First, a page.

getting a chance to be real business players with the federal government.
The education needs to begin now. The treatment of tribes by the federal
government has crafted many shameful pages in America's history. Most
Americans don't know the truth or, to borrow a line from the movie "A Few
Good Men," "can't handle the truth."
Many of the more than 200 Alaska Native villages that the corporations
represent are in very remote regions and have limited access to resources
that the rest of us take for granted. The Alaska Native story can be
described as a "they pulled themselves up by their boot straps" story; one
that should make every American feel good knowing that if you have business
savvy, work hard and are receptive to all the opportunities for which you
are entitled, you can be successful.
Federal contracting is to Alaska Natives what tribal gaming is to the
tribes in the lower 48: vital to the economic welfare of these communities.
In most cases, these federal contracts provide the necessary funding for
village community programs including health, education and child and elder
care. Unlike the tribes in the lower 48, Alaska does not have gaming.
Without the revenues from federal contracting many programs would disappear
and the people would suffer.
Imagine if tomorrow Congress decided to make tribal gaming illegal and they
shut down all our casinos and bingo halls. Not only would there be tens of
thousands of people out of work, most of whom are non-Native, but many
tribal programs that have become dependent on gaming revenues would have to
be cut. And again our people would suffer.
This nightmare scenario could become a reality if we don't stand guard
against it. Indian country must stay alert to any threats (like this
current ANC situation) to our sovereignty and our well-being no matter how
it is disguised. If Congress takes steps to change or perhaps end tribal
8(a) contracting, it establishes a precedent that could be used against
Indian country to attack tribal gaming and any number of other tribal
rights and programs.
To share a holistic view, the ANCs might have avoided this attack had they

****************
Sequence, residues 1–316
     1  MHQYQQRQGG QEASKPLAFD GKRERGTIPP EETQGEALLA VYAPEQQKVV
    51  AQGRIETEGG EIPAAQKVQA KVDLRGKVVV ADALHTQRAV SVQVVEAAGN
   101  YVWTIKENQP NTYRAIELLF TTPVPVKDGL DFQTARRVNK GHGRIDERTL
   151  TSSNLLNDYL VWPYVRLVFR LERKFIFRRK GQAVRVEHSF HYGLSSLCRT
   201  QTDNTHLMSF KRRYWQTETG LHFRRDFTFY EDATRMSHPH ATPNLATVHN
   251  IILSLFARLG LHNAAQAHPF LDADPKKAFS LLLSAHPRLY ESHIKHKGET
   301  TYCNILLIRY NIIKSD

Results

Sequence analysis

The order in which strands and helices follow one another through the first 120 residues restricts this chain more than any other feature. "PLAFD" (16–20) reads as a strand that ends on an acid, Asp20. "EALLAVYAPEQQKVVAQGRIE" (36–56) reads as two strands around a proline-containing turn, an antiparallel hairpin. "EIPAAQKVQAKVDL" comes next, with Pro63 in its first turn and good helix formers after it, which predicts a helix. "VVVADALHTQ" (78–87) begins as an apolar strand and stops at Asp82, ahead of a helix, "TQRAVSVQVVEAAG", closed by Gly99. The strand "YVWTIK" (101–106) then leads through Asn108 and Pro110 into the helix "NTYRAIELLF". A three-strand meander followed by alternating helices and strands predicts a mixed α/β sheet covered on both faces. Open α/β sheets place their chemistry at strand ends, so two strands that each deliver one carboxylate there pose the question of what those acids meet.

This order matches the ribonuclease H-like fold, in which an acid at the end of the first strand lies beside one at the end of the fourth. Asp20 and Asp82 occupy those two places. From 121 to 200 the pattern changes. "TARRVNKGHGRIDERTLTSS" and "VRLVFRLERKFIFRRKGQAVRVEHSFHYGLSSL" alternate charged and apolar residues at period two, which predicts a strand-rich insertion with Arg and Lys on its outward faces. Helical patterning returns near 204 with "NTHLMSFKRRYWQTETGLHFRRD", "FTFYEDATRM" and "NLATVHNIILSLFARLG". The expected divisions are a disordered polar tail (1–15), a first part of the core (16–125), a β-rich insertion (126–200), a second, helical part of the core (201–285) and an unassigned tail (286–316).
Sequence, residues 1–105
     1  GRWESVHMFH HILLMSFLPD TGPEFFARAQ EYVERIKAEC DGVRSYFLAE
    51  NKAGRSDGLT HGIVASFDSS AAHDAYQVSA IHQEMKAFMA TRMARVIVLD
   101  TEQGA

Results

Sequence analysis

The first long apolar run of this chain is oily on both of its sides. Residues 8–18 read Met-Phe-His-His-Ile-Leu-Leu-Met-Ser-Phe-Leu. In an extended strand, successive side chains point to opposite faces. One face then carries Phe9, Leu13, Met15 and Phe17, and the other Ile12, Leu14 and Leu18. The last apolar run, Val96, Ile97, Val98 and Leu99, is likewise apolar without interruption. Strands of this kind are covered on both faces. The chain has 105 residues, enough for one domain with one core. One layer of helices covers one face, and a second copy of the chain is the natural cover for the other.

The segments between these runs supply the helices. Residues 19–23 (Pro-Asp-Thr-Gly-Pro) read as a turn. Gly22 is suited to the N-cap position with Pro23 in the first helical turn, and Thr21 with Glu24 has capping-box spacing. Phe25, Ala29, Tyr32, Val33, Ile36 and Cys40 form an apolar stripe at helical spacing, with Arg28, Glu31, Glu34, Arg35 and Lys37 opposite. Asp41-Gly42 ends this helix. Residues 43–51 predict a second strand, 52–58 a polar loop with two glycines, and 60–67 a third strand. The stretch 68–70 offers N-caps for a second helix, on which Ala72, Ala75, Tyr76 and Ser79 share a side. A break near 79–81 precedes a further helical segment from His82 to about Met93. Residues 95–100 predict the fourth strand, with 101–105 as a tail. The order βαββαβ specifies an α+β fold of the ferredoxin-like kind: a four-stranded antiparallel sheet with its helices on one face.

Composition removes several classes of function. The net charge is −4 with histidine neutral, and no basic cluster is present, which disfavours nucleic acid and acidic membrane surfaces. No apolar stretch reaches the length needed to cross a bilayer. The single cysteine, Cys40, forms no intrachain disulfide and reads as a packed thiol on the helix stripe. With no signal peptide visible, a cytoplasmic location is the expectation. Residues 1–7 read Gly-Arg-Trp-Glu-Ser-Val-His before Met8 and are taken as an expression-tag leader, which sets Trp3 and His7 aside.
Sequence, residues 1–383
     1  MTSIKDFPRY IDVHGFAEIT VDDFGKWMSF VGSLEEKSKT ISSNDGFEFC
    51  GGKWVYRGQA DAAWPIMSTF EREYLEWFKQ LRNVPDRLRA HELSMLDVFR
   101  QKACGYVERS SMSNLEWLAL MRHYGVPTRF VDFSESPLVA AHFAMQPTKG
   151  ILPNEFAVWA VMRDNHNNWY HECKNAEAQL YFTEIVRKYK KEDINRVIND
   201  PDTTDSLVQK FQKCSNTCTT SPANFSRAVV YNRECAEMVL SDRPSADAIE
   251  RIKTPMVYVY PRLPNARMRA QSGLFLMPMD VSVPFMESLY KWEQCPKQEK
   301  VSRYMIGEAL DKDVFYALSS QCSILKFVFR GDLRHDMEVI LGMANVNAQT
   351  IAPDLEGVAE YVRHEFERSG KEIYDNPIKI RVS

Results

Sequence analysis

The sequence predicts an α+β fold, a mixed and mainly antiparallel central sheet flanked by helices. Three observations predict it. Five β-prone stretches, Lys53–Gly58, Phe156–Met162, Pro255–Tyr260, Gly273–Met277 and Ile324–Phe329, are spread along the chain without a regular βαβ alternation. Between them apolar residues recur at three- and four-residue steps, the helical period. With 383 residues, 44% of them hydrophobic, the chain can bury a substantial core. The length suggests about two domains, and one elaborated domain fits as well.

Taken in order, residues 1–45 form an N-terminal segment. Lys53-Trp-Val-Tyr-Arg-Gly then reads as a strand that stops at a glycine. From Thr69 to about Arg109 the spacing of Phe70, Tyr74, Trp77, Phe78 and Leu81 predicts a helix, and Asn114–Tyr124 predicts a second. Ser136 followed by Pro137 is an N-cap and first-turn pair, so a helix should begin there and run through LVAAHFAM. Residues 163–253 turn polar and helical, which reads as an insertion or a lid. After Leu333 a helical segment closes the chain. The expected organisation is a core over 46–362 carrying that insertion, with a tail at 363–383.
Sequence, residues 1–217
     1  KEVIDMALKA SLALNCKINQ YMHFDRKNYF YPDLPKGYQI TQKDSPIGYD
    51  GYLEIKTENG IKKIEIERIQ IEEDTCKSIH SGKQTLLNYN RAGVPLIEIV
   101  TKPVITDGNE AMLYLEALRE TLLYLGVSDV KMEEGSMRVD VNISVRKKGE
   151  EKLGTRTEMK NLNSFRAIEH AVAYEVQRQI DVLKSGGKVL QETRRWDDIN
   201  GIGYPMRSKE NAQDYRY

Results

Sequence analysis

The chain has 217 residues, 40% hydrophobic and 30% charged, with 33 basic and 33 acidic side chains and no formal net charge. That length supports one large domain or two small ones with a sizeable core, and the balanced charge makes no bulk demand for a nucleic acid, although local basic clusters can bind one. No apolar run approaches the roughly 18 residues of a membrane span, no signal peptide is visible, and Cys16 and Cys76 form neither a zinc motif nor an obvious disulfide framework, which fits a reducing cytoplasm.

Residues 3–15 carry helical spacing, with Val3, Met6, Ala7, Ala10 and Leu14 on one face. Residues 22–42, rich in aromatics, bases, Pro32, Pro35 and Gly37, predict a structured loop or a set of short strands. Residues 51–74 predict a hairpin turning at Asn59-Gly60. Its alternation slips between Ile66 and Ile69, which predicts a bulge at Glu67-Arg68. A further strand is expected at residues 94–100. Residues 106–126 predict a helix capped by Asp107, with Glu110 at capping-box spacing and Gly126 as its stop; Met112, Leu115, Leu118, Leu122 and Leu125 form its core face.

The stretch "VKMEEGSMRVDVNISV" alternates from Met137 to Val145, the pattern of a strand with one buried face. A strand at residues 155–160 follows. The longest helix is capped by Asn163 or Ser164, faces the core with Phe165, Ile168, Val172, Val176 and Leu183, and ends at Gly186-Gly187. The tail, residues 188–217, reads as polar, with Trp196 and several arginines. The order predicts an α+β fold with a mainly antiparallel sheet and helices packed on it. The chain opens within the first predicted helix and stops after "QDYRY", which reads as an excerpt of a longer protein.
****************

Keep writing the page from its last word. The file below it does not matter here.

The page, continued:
been more generous in sub-contracting with minority-owned businesses. But
it has become an issue of money. If the money had been dispersed more
readily through the minority and small business community maybe they
wouldn't have cried foul.
Now all Native 8(a) contracting could be in danger, and the decades of hard
work we have devoted to opening these doors of business opportunity may be
for naught. In the future we may find the doors shut in our faces.
Government no-bid contracting is not something new. This has been a federal
government practice since 1953 to equalize the playing field for small
disadvantaged and minority- and woman-owned businesses. It wasn't until the
recent past, 1992, that the federal government included tribes in their
contracting set-aside program. I joined the Small Business Administration's
(SBA) Office of Native American Programs in January of 1992 and began
implementing the tribal 8(a) contracting program. Before that, tribes were
pretty much left out of the process.
It is unfortunate that this cry of "you got a bigger piece of the
contracting pie than me" could turn into an attack on 8(a) contracting for
all Native-owned 8(a) firms. The potential impact of this type of
congressional investigation is daunting. Indian country's economic
development future and perhaps that of our minority brothers and sisters
has a lot at stake and a lot to lose.
Pete Homer, Mojave, is president and CEO of the National Indian Business
Association. He is an enrolled member of the Colorado River Indian Tribes